THE power of the fires at Coonabarabran have been unlike anything Rural Fires Service volunteer of 14 years, Brett McCarthy has ever seen.
Mr McCarthy led a team of nine Orana task force volunteers in two trucks and a support vehicle to Coonabarabran on Sunday and spent that night protecting houses on the road between Coonabarabran and Barradine at Bugaldie.
"We went straight into property protection,"Mr McCarthy said.
He said the journey out to the fire ground was a difficult one but on arrival the work began.
"There were power poles and lines down everywhere," he said.
"There was a horrendous amount of poles down and you can't assume the lines are dead. We were trying to drive through slow enough to miss them.
"We lost some sheds but we also managed to save some houses.
"There were quite a number of houses lost, but we managed to save quite a number too."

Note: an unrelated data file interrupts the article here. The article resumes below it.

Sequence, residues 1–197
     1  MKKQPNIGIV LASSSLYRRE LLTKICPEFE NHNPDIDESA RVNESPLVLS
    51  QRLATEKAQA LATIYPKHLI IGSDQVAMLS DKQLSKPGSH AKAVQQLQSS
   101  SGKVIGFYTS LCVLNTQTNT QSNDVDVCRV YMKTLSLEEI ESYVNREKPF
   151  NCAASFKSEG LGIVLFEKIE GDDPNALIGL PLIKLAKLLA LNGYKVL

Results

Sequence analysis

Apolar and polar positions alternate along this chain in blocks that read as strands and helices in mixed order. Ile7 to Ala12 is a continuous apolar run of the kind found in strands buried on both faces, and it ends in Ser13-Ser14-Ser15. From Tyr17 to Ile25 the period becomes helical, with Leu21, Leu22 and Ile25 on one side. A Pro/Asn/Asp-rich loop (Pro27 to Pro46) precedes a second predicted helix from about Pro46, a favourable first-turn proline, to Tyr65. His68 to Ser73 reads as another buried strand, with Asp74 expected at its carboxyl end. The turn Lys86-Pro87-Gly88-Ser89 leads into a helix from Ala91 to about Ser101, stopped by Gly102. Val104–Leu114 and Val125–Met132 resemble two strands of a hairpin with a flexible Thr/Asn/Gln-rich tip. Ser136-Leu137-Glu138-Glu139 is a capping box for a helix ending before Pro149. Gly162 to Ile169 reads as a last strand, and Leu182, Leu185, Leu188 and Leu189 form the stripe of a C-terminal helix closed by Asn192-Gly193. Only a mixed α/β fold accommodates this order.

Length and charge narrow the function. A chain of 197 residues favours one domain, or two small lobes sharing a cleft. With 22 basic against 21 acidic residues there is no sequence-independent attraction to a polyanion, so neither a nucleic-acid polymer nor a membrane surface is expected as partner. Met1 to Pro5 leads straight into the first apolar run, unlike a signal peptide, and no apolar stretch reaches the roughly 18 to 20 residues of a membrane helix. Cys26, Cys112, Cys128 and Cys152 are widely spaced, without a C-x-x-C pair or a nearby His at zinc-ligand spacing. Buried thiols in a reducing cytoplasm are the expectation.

He went twice to Victoria in the aftermath and clean up of the Black Saturday fires, but the fires at Coonabarabran were unique in their power, he said.
Once the fire has moved on from the properties the volunteers were protecting the work would not yet be complete, he said.
"There are embers everywhere and it only takes one to undo all the hard work.
"You really have to stay there until the risk is over."
Mr McCarthy said the prospects of the RFS volunteers returning to the fire looked imminent. He said employers of his volunteers were supportive when their staff were called away to fight fires.
Mr McCarthy, who runs a Century Batteries agency said his head office in Brisbane had called him to offer support staff to come down and run the agency if he needed to go back to the fire-ground.